I will make an exception and leave this unfinished one (I had reached page 63) unrated. I have not been displeased with its entertainment value at allI will make an exception and leave this unfinished one (I had reached page 63) unrated. I have not been displeased with its entertainment value at all when I was reading its first chapters, but whenever I had a chance to pick it up and continue I decided to read something else each time. The hauntingly beautiful eyes on the cover have started to look at me with reproach and the battered second hand volume seems to pop up unexpectedly all over the place to remind me of my lack of discipline and stamina. My solution to end this phase of discomfort is making the book disappear from my view - both physically and virtually. Sayonara, Otori Clan. We'll meet in volume One again some other day....more
Almost intimate insights into cramped, cluttered, partly messy, partly well-organized homes including toilets with the typical fluffy toilet-only slipAlmost intimate insights into cramped, cluttered, partly messy, partly well-organized homes including toilets with the typical fluffy toilet-only slippers in front, enriched by short written introductions to who lives there and what is his or her occupation. I love it. It is like being invited to visit and explore. Why don't you do the next project set in the county-side, Mr. Tsuzuki? When I pass those village-dwellings in Japan, my knuckles itch from refraining to knock and look.
My only complaint is about the binding of the book. It falls apart after the first leafing-through....more
Although the average rating of 3.25 stars strongly indicated „Beware, this book is not for everyone”, I never would have guessed that I might be one oAlthough the average rating of 3.25 stars strongly indicated „Beware, this book is not for everyone”, I never would have guessed that I might be one of those unlucky specimen the book prefers not to talk to. My conviction (which even resulted in my ordering the book in spite of my friend Arlene’s offer to include me in her book tour) that Bloodflower and I would be very compatible had been sustained by several powerful factors:
A) The cover is so very beautiful – but in a different way than some suspicion arousing young adult covers that have no connection to plot or characters whatsoever: The richly patterend red cloth in the background and that strong, callused and sexily dirty arm encased in leather armor which clearly belongs to Cam, the young main character recently returned from a war, made me want to own exactly this edition and not the pastel-colored one by the other publisher.
B) Melina Marchetta, one of the authors whose work I adore and who does not throw around blurbs and praise and advertisment about all her peers’ or tour mates’ work like it has become the custom among young adult novelists, wrote "I can’t tell you how much I loved this novel. I cried through the whole last chapter from the sheer beauty of these characters and their world." which made me want to go on reading until the end so I could wring out my tear ducts in the same way that she did, since in my experience life-like and likable characters are the main ingredient in the majority of those books which made me love them. I wanted to love the book and the world and I even glimpsed the shadows of the characters’ ability to become endearing to the reader in the very first chapter. The first word which comes to mind when I think about Cam and his family and how they treat each other is “tenderness”. Cam’s small sister Pin, who usually does not allow her family members to cuddle and pet her, isn’t shy at all around her big brother whom she barely knows and who everybody keeps his or her difference from since he returned from the war without his right arm and without all the other men from the village. Her unconditional adoration and love is unspeakably cute. Yet. The point of view switches soon from the Attlings to Cam’s betrothed Graceling, the twelve-years old daughter of the ruthless Fenister family, and from there to a young boy whose dog is shot by a farmer and then to Cam’s best friend Ban, who is secretly in love with Cam or maybe only lusts after him and then to … I forgot, because it changed so often and so spontaneously. At first I hoped the story would lead me quickly back into Cam’s or Pin’s mind, but after a while I gradually lost interest and became rather bored, although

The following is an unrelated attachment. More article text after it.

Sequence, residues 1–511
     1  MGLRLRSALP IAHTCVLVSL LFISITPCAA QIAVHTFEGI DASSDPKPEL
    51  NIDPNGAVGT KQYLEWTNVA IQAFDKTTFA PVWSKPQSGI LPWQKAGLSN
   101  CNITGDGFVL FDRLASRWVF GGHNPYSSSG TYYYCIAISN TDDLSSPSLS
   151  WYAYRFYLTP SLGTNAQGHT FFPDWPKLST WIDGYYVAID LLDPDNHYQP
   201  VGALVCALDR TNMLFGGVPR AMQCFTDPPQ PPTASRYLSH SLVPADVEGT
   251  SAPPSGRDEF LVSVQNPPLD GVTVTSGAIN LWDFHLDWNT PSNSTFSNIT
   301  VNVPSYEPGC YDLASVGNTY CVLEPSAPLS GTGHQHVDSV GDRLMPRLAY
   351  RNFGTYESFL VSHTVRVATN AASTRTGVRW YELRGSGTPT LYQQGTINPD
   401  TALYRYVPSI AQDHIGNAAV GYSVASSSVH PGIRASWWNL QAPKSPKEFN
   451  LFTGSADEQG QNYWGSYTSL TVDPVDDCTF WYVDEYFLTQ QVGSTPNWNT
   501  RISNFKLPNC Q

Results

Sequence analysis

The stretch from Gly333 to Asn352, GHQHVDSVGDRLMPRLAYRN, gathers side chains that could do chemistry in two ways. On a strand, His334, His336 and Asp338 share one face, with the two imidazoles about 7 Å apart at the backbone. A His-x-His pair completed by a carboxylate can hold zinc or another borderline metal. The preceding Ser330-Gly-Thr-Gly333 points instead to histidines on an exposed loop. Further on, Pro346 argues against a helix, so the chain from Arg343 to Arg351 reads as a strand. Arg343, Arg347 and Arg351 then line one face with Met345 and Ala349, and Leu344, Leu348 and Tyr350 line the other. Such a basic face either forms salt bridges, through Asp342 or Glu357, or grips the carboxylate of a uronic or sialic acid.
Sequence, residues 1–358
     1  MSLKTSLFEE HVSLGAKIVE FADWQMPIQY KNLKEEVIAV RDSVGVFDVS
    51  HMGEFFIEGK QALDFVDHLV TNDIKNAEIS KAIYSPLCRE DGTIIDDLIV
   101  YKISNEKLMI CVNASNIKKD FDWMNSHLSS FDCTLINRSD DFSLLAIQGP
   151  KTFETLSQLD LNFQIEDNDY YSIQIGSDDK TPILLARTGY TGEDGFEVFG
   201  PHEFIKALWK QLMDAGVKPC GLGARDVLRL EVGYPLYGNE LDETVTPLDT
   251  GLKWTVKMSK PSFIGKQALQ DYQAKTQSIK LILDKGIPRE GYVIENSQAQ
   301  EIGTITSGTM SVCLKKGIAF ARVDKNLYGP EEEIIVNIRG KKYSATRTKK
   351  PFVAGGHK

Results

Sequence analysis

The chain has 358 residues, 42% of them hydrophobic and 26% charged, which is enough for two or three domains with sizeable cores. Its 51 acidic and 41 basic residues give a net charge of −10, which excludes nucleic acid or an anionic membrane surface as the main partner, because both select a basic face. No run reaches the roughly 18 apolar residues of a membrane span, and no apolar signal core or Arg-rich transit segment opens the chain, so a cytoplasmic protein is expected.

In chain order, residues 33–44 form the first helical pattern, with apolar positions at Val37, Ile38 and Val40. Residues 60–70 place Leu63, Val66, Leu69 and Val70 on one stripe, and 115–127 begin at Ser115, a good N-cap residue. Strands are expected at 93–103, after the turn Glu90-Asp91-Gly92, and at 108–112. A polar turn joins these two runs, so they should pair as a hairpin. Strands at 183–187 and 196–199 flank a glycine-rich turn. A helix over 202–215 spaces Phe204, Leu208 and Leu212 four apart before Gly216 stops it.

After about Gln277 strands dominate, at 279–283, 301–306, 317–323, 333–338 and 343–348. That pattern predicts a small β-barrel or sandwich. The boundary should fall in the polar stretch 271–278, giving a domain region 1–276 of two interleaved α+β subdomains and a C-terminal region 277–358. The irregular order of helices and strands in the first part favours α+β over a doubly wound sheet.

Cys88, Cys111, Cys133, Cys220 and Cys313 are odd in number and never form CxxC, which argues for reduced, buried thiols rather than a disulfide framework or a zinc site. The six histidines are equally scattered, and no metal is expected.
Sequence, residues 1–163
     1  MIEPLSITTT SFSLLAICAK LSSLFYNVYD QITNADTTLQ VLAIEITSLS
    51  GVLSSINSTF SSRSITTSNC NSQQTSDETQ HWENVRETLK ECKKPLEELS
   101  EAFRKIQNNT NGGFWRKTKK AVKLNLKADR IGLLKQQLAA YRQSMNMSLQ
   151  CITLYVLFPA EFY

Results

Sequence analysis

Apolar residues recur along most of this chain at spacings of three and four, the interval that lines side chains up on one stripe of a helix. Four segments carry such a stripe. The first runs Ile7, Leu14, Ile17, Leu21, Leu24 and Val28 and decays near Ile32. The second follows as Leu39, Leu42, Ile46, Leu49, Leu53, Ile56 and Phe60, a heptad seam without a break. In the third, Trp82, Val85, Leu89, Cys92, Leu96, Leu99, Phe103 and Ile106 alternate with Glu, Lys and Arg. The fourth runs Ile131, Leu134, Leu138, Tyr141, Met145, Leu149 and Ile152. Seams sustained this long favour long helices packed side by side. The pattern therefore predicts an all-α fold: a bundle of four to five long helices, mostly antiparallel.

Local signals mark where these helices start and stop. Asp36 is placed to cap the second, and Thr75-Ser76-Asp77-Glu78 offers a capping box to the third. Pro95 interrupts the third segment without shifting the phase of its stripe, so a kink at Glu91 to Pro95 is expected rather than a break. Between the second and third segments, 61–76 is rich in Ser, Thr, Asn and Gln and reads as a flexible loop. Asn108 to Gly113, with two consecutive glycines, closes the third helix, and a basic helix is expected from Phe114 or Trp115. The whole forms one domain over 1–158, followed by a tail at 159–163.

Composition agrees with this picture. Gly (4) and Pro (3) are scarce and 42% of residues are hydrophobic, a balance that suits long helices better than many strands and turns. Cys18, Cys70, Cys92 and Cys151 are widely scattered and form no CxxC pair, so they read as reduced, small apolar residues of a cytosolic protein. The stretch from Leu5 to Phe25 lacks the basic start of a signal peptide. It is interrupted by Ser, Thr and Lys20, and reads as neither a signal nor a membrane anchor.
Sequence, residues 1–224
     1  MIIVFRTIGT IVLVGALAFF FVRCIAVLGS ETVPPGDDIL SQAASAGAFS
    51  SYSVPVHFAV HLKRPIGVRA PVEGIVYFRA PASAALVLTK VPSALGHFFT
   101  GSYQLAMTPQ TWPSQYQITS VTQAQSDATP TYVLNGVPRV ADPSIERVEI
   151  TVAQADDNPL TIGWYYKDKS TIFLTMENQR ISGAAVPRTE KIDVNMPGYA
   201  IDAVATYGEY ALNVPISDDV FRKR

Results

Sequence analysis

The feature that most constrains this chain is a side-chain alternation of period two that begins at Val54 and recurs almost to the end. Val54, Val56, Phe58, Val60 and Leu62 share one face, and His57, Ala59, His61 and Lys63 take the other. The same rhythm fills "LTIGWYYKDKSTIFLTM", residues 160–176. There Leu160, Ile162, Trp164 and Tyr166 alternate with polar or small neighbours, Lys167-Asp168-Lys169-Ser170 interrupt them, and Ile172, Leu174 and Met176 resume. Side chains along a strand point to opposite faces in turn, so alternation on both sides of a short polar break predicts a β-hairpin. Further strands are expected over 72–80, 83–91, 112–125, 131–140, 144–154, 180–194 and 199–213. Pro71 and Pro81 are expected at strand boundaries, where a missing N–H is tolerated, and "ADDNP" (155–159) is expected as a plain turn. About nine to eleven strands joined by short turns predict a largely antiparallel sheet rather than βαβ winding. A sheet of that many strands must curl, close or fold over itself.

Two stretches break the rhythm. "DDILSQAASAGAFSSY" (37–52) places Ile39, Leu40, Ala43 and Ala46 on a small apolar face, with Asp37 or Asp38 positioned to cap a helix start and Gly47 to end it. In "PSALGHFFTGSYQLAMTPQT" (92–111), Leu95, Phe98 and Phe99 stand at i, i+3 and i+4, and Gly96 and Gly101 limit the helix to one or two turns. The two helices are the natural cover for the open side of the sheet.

C) The subject of the book is such an important and interesting one: It shows in detail how war affects and changes both the soldiers who went out to fight and the families, who stayed and hoped and went on with their daily lives as well as possible: Cam has lost his arm and gained a war horse. His lower limb count lowers his worth on the marriage market and the long-standing betrothal is revoked. Nobody understands why he wants to avoid talking about the various ways the other villagers died during the six-years-long war. Thus when the pestering about Uncle X and Sweetheart Y remains unsuccessful, resentful suspicions make the round: How did Cam manage to stay alive when everybody else did not? Graceful had thought the only uncertain things about her future were the day of her death and the number of her children, but suddenly she does not even know anymore whom she will marry. Graceful’s greedy father uses the war and the new overlord’s taste for fine silk as an excuse to push his property’s boundaries into the woods, the home of a nomad tribe and the game they live on. Acton has become an war-orphan and his dog turns into a farmer’s nuisance whose nerves wear so thin that he finally pulls the trigger ...